Yet another Republican senator has a gay sex scandal; Larry Craig of Idaho has pled guilty to disorderly conduct for soliciting sex in a Minneapolis airport bathroom. It's your usual gay scandal; months of rumours, denials in the press, heck, he even figures in the 1982 congressional page scandal. And now, busted for cruising a tearoom. He's a defence-of-marriage anti-gay-rights Republican bastard, so there's some pleasure in his fall.
But I've known men like Larry Craig and so I have some sympathy for him.
I don't go around anywhere hitting on men, and by God, if I did, I wouldn't do it in Boise, Idaho! Jiminy!" — Larry CraigGay men of his generation didn't have an easy time figuring themselves out. Fourty-five years ago homosexuality was classified a sickness and being gay was not a respectable option. A lot of homosexual men followed the easy path, got married, had kids, and pretended to be straight. And pushed their homosexuality way down inside themselves, bottled it up.
The insidious and awful thing about the closeted life is that self-deception makes it easier. I fully believe Larry Craig when he says he's not gay, because in his mind and in his public life he's not gay. It's just he'd be so much happier if he actually were gay, instead of a furtive homosexual. Here he is living a public straight life, then skulking into bathrooms to satisfy a compulsive desire that shames and frightens him. Taking terrible risks, mostly getting away with it. Until today, when he's caught, and his career and life are destroyed in public.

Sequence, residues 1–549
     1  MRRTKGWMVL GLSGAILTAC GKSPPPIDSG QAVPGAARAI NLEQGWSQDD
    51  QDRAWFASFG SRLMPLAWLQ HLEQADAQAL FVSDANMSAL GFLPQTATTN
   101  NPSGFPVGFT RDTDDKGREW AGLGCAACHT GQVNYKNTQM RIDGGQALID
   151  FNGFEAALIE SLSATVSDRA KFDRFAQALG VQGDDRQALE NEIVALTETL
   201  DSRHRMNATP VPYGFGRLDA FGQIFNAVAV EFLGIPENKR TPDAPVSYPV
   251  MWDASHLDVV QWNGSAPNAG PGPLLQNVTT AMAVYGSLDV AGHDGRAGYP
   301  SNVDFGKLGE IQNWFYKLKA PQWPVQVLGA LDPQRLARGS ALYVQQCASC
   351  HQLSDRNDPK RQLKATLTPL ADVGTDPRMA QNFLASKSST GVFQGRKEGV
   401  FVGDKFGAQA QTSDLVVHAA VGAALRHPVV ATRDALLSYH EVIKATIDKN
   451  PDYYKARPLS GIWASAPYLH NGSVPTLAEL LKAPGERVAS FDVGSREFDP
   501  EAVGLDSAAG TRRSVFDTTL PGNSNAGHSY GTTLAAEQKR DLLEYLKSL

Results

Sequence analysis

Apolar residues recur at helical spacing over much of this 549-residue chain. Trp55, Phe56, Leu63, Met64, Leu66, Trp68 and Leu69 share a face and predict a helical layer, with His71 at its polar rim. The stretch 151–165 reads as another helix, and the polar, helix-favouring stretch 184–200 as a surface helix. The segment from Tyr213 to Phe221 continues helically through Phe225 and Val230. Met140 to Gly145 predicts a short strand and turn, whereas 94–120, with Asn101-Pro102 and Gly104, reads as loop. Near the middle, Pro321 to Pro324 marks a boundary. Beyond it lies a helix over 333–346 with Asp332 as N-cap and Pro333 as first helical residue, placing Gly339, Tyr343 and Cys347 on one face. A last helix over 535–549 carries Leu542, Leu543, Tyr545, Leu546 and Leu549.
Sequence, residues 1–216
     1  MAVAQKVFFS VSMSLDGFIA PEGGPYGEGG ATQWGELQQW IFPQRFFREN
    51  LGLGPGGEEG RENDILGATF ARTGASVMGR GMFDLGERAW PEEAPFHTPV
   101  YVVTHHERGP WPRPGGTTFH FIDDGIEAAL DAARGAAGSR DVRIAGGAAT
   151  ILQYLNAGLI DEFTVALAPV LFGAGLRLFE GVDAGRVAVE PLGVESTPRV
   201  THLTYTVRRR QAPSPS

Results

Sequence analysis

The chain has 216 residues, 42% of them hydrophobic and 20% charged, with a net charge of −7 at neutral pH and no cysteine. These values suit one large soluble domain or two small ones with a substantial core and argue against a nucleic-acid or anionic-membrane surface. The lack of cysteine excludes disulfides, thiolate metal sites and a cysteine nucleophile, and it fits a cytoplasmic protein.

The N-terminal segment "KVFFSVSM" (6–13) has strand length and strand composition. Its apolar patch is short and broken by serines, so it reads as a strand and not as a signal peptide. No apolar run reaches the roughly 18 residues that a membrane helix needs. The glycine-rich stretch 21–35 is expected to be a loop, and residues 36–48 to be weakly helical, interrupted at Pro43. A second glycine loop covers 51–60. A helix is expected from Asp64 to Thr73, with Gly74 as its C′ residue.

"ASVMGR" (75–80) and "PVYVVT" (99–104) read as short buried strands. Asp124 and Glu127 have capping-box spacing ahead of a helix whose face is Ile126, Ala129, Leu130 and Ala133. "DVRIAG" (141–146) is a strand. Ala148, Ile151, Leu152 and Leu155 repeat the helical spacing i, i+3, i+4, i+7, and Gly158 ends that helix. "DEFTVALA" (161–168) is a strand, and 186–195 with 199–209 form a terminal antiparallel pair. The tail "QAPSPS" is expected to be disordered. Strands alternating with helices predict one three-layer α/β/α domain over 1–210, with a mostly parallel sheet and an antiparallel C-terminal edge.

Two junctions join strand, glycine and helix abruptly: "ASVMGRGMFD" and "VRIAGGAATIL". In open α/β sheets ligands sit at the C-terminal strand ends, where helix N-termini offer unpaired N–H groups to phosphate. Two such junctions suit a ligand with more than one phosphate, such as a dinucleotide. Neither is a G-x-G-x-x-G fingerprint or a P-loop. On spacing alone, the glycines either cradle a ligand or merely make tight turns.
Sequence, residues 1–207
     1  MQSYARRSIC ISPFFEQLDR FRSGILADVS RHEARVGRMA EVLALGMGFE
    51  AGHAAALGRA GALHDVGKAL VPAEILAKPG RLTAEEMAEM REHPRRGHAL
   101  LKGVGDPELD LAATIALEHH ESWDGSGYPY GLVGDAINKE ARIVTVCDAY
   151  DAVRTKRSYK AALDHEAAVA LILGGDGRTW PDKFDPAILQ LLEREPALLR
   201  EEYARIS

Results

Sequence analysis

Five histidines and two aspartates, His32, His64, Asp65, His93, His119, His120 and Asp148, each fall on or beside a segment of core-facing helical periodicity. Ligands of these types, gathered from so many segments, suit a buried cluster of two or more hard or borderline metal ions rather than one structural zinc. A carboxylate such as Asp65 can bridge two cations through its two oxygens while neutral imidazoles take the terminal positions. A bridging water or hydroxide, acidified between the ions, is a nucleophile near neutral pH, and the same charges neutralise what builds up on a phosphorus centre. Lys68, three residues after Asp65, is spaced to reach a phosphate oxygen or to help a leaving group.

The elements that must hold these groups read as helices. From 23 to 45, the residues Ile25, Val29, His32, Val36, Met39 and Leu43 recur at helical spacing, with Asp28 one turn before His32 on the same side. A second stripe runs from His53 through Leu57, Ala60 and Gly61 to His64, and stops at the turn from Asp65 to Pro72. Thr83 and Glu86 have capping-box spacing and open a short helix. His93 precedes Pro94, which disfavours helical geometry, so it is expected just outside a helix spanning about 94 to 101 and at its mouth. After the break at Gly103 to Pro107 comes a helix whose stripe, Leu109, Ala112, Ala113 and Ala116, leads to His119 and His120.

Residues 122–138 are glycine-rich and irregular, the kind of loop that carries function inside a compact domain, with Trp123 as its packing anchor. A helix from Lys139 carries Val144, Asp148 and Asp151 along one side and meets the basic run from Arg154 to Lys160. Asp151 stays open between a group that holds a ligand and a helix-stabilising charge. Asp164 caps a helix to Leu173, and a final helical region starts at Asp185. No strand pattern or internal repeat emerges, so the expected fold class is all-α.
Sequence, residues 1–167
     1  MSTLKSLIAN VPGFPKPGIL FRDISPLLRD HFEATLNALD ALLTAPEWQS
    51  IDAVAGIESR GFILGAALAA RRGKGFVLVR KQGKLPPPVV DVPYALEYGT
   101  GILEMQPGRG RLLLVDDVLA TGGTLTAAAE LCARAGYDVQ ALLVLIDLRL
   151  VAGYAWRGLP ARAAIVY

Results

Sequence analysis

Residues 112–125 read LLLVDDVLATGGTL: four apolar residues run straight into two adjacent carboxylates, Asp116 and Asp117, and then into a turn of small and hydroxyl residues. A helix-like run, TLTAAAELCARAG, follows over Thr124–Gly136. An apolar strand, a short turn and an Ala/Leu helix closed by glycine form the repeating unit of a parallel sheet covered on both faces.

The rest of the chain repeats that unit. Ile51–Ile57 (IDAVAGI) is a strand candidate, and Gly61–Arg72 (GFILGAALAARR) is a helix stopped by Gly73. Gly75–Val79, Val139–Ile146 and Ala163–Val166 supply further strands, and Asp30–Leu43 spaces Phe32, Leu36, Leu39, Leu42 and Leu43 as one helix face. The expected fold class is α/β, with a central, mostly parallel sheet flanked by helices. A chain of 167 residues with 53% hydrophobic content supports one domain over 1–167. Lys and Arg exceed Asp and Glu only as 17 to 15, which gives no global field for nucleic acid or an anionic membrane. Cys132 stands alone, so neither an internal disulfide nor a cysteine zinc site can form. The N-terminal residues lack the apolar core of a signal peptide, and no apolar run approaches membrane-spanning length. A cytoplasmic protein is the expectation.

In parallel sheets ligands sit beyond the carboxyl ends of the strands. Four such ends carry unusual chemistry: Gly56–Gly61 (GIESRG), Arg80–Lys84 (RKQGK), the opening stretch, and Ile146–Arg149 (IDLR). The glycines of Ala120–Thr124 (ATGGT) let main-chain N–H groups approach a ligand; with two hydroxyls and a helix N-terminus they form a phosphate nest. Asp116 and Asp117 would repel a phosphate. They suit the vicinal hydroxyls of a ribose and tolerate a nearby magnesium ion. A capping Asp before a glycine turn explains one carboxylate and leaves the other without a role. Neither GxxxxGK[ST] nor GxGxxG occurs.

So I find men like Larry Craig sympathetic, a little bit tragic. Such a painful life for him the past forty-five years. It's a common story. It's not easy to be gay today; it was a lot harder growing up in the 1950s in Idaho. I don't judge a man for succumbing to societal pressure.
But I do judge a politician for succumbing to the offensive anti-gay positions of the Republican Party, no matter what his sexual orientation is. And for that, I'm glad to see Craig on the road to losing his position as a senator. I hope he'll come out as gay, get back into politics, and make something of himself as a real man. I've seen that transformation. The gay men who discover themselves in their 50s and 60s come through to living a much happier life.